State cuts to education
K-12: 3 percent cut + 3 furlough days
Technical College System of Georgia: 5 percent cut pending + 3 furlough days
University System of Georgia: 4, 6 or 8 percent cut pending, reduction plan likely to include furlough days
As schools, colleges and universities prepare to open their doors for another year, they are being asked again to review their own books and cut costs further, plan furloughs or submit various spending plans to their directing agencies.
Following a conference call Wednesday with the Georgia School Boards Association and Phil Hartley, who serves as multiple local districts’ school board attorney, K-12 system leaders are interpreting the legalities of Gov. Sonny Perdue’s call for cuts and forming plans to implement the most recent round.
Perdue announced last week K-12 school districts will take a 3 percent funding cut and the state’s 128,000 public school teachers will take three unpaid furlough days by the end of the calendar year. The cuts to education came alongside another 5 percent slash to state agencies and three days of furloughs to other state employees to help bridge a $900 million shortfall amid plummeting tax collections.
Jefferson schools Superintendent John Jackson said his teachers already gave up one of their planning days for a furlough day Monday. And they’ll take their second on Friday. Classes start Monday in the Jefferson district. The final furlough day will be taken Oct. 12, he said.
As for the 3 percent cut for local districts, Jackson said he’s not yet sure where the ax will fall for Jefferson City Schools.
"We’re looking at several possibilities. We’re just trying to make up our minds as to what those cuts are going to look like," he said. "We have been in this mode already for so long, it’s becoming much harder to make those decisions because we’ve already cut so much."
The state Board of Education approved flexibility for Georgia’s school districts on Tuesday, paving the way for systems to furlough teachers and other employees. The board voted to allow districts to fall short of the number of days the state requires educators to work each year, reducing the teacher work year to 187 days.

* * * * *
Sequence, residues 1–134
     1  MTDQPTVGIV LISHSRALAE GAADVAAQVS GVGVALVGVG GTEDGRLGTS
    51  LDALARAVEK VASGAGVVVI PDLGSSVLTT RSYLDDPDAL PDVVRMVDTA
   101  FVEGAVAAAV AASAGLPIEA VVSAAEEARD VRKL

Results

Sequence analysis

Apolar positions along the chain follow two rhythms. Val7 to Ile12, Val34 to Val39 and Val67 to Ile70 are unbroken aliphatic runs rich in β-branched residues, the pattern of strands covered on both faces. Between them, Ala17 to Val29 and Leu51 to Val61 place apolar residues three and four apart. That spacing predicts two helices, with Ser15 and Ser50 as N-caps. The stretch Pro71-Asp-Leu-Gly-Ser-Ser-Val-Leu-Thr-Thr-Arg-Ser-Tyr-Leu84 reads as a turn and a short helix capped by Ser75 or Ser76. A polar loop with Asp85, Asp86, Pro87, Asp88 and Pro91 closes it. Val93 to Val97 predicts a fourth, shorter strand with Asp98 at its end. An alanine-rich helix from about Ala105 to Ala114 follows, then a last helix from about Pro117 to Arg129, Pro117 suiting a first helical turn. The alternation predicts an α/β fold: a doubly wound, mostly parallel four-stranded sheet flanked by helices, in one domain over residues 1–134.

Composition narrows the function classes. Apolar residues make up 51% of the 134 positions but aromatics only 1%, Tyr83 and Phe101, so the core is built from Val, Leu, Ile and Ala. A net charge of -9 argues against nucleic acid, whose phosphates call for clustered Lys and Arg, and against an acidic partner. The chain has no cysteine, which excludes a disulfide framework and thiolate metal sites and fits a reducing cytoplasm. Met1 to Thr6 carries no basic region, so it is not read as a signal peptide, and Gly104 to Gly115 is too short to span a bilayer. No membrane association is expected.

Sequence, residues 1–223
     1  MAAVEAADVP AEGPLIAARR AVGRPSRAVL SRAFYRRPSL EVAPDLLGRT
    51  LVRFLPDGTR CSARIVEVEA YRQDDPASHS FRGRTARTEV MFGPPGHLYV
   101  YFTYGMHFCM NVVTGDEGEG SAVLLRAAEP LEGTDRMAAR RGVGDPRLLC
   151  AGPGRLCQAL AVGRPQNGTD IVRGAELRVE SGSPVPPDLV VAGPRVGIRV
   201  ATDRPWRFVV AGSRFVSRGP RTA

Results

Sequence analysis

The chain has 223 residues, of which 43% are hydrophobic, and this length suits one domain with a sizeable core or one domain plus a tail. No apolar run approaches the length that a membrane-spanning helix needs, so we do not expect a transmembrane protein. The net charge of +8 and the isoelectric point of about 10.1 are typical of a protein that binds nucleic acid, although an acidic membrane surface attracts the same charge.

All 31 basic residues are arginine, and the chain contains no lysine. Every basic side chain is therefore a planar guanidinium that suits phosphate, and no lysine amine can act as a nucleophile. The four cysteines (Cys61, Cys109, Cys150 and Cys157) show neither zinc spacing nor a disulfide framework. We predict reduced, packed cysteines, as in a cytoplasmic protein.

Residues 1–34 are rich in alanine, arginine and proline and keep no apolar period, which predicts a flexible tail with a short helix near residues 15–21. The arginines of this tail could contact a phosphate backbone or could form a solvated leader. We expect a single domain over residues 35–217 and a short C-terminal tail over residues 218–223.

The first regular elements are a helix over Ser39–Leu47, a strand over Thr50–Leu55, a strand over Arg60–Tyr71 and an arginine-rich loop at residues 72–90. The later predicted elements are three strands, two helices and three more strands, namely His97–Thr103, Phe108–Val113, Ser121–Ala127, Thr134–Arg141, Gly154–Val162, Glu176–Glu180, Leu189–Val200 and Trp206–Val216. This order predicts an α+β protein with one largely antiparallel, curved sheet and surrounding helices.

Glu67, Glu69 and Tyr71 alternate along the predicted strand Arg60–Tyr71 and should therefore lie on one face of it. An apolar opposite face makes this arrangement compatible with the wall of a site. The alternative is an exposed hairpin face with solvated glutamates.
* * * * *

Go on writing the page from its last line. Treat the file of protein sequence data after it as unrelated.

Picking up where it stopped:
The school districts are not required to enact the furloughs, but the state is cutting the sum of those days’ salaries from the districts’ funding. While the state’s largest districts — Atlanta, Cobb and DeKalb — are finding other ways to make up the funding cut, most of the state’s 180 school districts are expected to go along with the furloughs.
Gainesville schools Superintendent Merrianne Dyer said her system will present three furlough options to employees Monday through the Gainesville schools’ Web site. She said stakeholders can then vote on which option they prefer. August planning days are not being considered, Dyer said.
At the school board’s Aug. 17 meeting, the board likely will approve the days to be taken off and discuss how the board might cut another 3 percent, she said. Dyer said every department at every system school is being asked to reduce expenditures but she’s not worried about overspending to start the school year.
She said with the system’s $3.6 million deficit, Hartley advised the Gainesville system to "not do anything drastic and quick before you get all of the information."
Hall County schools Superintendent Will Schofield said his system is considering taking the furlough days on Aug. 7 and Oct. 13 and letting teachers leave when students do on half days taking place on Nov. 24 and Dec. 18. Normally teachers would stay at work for professional development after students left on those half days, he said.
Schofield said the 3 percent cuts and the furloughs make up a nearly $5 million loss in state funding for the school system, but he’s "thankful" the system has been slow in hiring additional personnel for the upcoming school year. He said the Hall County school board will continue to be conservative in spending to safeguard the system’s $5.6 million surplus.
Both superintendents said they are bracing for additional furloughs that could come in the spring.
Schools under the University System of Georgia, like Gainesville State College and North Georgia College & State University, were asked to submit 4, 6 and 8 percent reduction plans to the system Monday, said university system spokesman John Millsaps.
He said it’s up to the Governor’s Office of Planning and Budget to review the reduction plans for this fiscal year’s amended budget and next fiscal year’s budget. It falls upon the General Assembly to approve the cuts.
Millsaps said budgets under the University System of Georgia for fiscal year 2010, which began July 1, already were cut 12 percent compared to fiscal year 2009.
Perdue asked schools under the Technical College System of Georgia, such as Lanier Technical College, to take a roughly $17.6 million cut between a 5 percent state funding cut and three furlough days, said technical system spokesman Mike Light. Light said the technical system’s commissioner will make the decision early next week on how those cuts will be implemented.
He said soaring enrollment in the state’s technical schools and accompanying tuition payments have boosted colleges’ revenues somewhat.
"It’s difficult, but we can do it," Light said of the proposed cuts. "Each successive cut gets a little bit harder. But we’re not going to sit back over here and say that for the good of the state we can’t find something else to come back on or reduce. We’re going to try to keep our spending low, but at the same time it’s important that we get these folks into our classrooms and retrain them in those in-demand fields so they can go back out there and get a job now or when the economy improves."